(An extract from my old birdwatching diary “Crippling Views”)
Monday, September 19, 1988
Paul and Steve have told me of a very strange duck, down on the River Trent at Attenborough, to the south west of Nottingham. Look for the orange arrow…
Because of this, I make sure that I take the Sixth Form Birdwatching Group down there for a quick look round during our birdwatching afternoon. And indeed, when we do find the bird, it does turn out to be a bit of a puzzler. First of all, it is completely alone on the river, while all the other ducks are on the main lake. This is a very good start in proving that it is a rare bird, blown across the stormy waters of the Atlantic Ocean from the USA. Everybody knows that rare birds always keep well separate from any strange foreigners they are suddenly brought into contact with. It’s because vagrants are shy, uncertain of themselves and take a very long time to make friends., They may not speak English. They may be afraid of being eaten.
Superficially, the stranger is all brown, rather like a female Tufted Duck, but it’s not a definite Tufted Duck because the head shape is wrong.
Instead of a tuft, or the basis of a tuft, the bird has a rounded head like a Greater Scaup.
It’s not a Greater Scaup either though, because the head shape is not right for that species either. Instead of a completely rounded head like a Greater Scaup, it has a little peaked crown, rather like the head shape of Ring-necked Duck.
The basic drab brown, chocolaty colour of our bird’s plumage and the absence of any eye ring markings means, as far as I’m concerned, though, that it cannot be a Ring-necked Duck either. I hesitate between the two ends of the spectrum. Either, at one end, we are looking at yet another hybrid duck, because duck species all interbreed in a most alarming way. Or, we are breaking new ground in the glorious history of Nottinghamshire birdwatching, and it is a juvenile, or female, or eclipse, Lesser Scaup, which would be a first for Britain. Even then, this would not be, however, the first claim for this American species of bird in the county despite its almost unbelievable rarity…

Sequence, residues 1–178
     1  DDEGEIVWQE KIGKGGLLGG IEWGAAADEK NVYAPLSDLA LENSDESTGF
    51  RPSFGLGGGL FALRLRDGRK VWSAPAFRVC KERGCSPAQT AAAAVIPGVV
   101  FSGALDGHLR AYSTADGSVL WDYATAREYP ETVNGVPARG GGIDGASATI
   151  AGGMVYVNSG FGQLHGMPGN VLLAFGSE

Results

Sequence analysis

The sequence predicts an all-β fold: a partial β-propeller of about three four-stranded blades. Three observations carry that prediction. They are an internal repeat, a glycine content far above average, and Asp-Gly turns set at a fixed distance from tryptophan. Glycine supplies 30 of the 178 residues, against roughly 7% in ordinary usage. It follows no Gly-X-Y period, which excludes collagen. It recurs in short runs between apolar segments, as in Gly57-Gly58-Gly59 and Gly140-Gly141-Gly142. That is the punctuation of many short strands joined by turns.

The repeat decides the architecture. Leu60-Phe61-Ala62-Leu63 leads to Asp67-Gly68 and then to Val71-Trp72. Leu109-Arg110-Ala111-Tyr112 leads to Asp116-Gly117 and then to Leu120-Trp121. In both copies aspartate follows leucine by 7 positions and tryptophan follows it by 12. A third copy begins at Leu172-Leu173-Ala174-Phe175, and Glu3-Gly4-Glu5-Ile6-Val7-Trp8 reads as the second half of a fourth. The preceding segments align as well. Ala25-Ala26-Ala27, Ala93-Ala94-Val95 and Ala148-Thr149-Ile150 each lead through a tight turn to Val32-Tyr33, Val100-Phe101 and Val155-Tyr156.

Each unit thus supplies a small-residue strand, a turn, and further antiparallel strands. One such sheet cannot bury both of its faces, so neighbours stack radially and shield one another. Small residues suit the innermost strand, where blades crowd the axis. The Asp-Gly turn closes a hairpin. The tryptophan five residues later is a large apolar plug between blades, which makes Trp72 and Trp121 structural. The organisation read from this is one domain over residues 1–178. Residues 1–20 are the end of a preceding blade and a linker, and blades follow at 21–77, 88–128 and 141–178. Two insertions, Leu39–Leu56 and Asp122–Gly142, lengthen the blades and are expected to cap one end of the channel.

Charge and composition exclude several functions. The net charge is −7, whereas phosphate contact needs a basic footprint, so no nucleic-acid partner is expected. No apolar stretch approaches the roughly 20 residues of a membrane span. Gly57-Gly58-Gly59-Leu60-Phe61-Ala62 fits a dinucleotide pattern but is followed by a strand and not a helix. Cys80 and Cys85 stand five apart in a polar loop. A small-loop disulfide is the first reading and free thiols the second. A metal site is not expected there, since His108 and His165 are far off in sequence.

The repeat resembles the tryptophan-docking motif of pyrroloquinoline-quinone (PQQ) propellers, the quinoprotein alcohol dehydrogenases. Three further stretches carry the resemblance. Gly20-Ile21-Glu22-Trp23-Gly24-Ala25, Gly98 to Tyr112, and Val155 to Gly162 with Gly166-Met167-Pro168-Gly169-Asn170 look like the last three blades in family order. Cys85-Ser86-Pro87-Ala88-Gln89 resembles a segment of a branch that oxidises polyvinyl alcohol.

At the other end of the spectrum, the more likely solution, and the easiest cop out is to say is that it is a hybrid, the fate of at least two of the county’s previous claims. But a hybrid of what? Scaup and Lesser Scaup? Tufted Duck and Ring-necked Duck?
Still, it was a bit of excitement on an otherwise dreary day. And indeed – why should a female Lesser Scaup be impossible at Attenborough, while a male, the first ever seen in Britain, is acceptable at Chasewater, only some fifty miles away?
If I had my time over again, I would have made a bigger effort to ascertain two things, one relatively easy, the other much more difficult. It would have been reasonably easy to have checked the extent of any white areas at the base of this puzzling bird’s bill. The photographs above show how important this detail might have been. Nowadays, getting on for thirty years later, I quite simply cannot remember, although that very fact in itself would imply that the white cannot have been either unbelievably bright or striking to the observer. Secondly, I would have tried to establish the exact size of this duck, something which would have been very difficult to do as it did not go near any other birds at any point during its stay on the River Trent. Alas, now I shall never know what it was, although it really did seem very strange at the time that it adamantly refused to mix with any other species of duck.
By 2007, there had been just under a hundred records of Lesser Scaup in Great Britain with virtually every county having played host to the more easily identifiable male at some point. There had been females but these were admittedly in limited numbers. Here is an Irish female at Rostellan Lake.
It is now generally agreed by birdwatchers that Lesser Scaup has never been an incredibly rare vagrant, just a species that was very difficult to identify.